Coherent Doppler Velocity Profiler (CDVP)and Cross-Correlation Velocity Profiler (CCVP)

The backscattered signal from suspended particles in the flow can be utilised to determine the velocities of the particles. The two techniques are: coherent Doppler method, and cross-correlation method.

The coherent Doppler method is based upon pulse-to-pulse phase coherence between consecutive transmissions to measure the radial component of the velocity along the beam axis. This instrument uses Doppler shift to obtain the Doppler flow velocity. The Doppler frequency is obtained from the pulse-to pulse coherence (phase coherence). Averages over pulse pairs are taken.

The correlation method employs a pair of horizontal separated transducers directed vertically downward and cross-correlation of the backscattered signals from the transducer pairs is used to obtain the velocity.

Unlike the coherent Doppler system, the correlation method is incoherent, as it is the signal intensity that is used. The basic requirement is that there are fluctuations in the suspension field, which have spatial scales greater than the distance between the transducers and that these fluctuations can be cross-correlated. Small-scale turbulent fluctuations cannot be measured.

Comparison of measured velocities

Results of various instrument comparisons are given in the manual:

  • Electro-Magnetic Velocitymeter (EMV) and Laser Doppler Velocitymeter (LDV)
  • Acoustic Doppler Velocitymeter (ASTM) and Electro-Magnetic Velocitymeter (EMV)
  • Acoustic Doppler Velocitymeters (ADV)
  • Ultra-sonic Velocity Profiler (UPV) and Particle Image Velocitymeter (PIV)

Fluid pressure and wave height instruments

This section describes instruments to measure fluid pressure and wave height. For more information, see also Currents and turbulence by acoustic methods.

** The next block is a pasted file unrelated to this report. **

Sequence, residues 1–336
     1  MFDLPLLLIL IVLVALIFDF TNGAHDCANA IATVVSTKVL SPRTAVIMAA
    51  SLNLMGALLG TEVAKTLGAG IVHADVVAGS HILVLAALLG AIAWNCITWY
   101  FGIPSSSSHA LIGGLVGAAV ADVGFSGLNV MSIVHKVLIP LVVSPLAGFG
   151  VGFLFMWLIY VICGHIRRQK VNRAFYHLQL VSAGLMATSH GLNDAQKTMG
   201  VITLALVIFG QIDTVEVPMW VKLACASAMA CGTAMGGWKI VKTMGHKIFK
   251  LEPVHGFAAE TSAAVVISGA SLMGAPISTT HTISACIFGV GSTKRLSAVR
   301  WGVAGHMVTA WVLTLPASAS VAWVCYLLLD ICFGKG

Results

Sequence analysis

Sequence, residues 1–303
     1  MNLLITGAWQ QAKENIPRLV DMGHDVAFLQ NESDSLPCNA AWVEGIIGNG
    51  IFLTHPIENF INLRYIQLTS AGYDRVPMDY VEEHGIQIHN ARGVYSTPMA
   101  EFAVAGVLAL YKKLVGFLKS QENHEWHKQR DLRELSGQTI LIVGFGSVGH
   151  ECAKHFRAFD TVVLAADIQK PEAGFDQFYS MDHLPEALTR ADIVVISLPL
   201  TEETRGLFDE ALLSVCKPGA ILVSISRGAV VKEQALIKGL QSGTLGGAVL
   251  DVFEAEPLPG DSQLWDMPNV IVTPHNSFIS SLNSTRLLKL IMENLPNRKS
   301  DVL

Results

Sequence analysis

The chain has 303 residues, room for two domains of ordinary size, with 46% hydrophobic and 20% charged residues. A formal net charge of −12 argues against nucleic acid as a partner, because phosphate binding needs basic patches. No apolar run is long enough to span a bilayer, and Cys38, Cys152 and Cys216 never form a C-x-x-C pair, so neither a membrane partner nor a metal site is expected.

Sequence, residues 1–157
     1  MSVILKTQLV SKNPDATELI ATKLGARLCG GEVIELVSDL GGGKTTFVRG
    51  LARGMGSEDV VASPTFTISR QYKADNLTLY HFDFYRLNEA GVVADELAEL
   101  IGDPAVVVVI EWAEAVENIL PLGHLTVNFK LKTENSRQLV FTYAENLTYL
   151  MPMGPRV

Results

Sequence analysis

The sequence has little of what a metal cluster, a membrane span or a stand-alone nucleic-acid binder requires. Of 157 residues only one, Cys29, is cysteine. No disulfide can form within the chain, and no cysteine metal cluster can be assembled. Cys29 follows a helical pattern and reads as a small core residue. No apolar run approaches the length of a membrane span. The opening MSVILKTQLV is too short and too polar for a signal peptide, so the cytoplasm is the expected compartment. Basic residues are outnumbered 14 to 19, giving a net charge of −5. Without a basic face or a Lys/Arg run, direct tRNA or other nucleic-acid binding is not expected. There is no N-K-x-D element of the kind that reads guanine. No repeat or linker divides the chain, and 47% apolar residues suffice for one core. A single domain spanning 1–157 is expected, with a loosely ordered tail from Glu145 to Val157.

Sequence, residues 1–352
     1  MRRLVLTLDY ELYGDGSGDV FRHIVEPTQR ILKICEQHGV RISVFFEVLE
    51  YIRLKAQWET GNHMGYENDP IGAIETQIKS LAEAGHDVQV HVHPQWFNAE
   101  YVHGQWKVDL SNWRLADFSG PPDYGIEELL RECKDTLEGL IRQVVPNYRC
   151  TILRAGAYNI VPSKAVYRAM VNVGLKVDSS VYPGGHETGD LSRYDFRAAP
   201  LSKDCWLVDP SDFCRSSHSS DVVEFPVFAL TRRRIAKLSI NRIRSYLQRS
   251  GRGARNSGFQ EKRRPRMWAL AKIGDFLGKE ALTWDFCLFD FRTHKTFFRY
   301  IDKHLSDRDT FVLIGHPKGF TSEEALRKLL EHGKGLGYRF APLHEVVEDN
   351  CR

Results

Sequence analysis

General instrument characteristics, accuracies and selection criteria

Water level fluctuations in deeper water generally are measured by pressure sensors or by wave buoys. Water level fluctuations can also be measured by capacitance wires/rods attached to poles jetted into the bed.

Bottom-mounted applications can, in principle, also be used to determine the instantaneous wave height by using the horizontal velocity measured in the near-surface region and linear wave theory.

The wave rider buoy (hull diameters up to 1 m) is a spherical buoy, which measures wave height and direction. The wave height measurement is based on the principle of measuring vertical accelerations. The direction measurement is based on the translational principle which means that horizontal motions instead of wave slopes are measured.

Various types of pressure sensors are commercially available. Generally, piezo-electric transducers are used. Piezo-electric materials such as quartz crystals produce an electric field under deformation by pressure forces. The instrument offset can be determined in the laboratory prior to deployment and taken into account by the calibration curve.

The ADCP instruments can also be used for wave field measurements. The basic principle behind wave measurement is that the wave orbital velocities below the surface can be measured by the highly accurate ADCP. The ADCP (with 2 Hz data recording and upgrade of software for waves) measures the subsurface orbital velocities created by the wave field. This raw data is averaged to create a mean current profile, and is accumulated into time series for waves processing. Each time series of data is called a burst. From this burst, velocity power spectra, directional spectra, and mean water levels are calculated. The ADCP should be bottom mounted, upward facing (within 5 degrees of the vertical) with a pressure sensor for measuring tide and mean water depth.

Comparison of measured wave heights

Results of various instrument comparisons are given in the manual:

  • Pressure sensor and capacity wire
  • Pressure sensor and surface following wave gauge
  • Pressure sensors
  • Velocity sensor, fluid pressure sensor and capacity wires
  • Pressure sensor and resistance wave staff
  • Accelerometer and DGPS on Waverider buoy

See also

Summaries of the manual

Other internal links


  1. Rijn, L. C. van (1986). Manual sediment transport measurements. Delft, The Netherlands: Delft Hydraulics Laboratory
The main author of this article is Rijn, Leo van
Please note that others may also have edited the contents of this article.

Citation: Rijn, Leo van (2019): Measuring instruments for fluid velocity, pressure and wave height. Available from,_pressure_and_wave_height [accessed on 14-07-2024]

The main author of this article is Roberti, Hans
Please note that others may also have edited the contents of this article.

Citation: Roberti, Hans (2019): Measuring instruments for fluid velocity, pressure and wave height. Available from,_pressure_and_wave_height [accessed on 14-07-2024]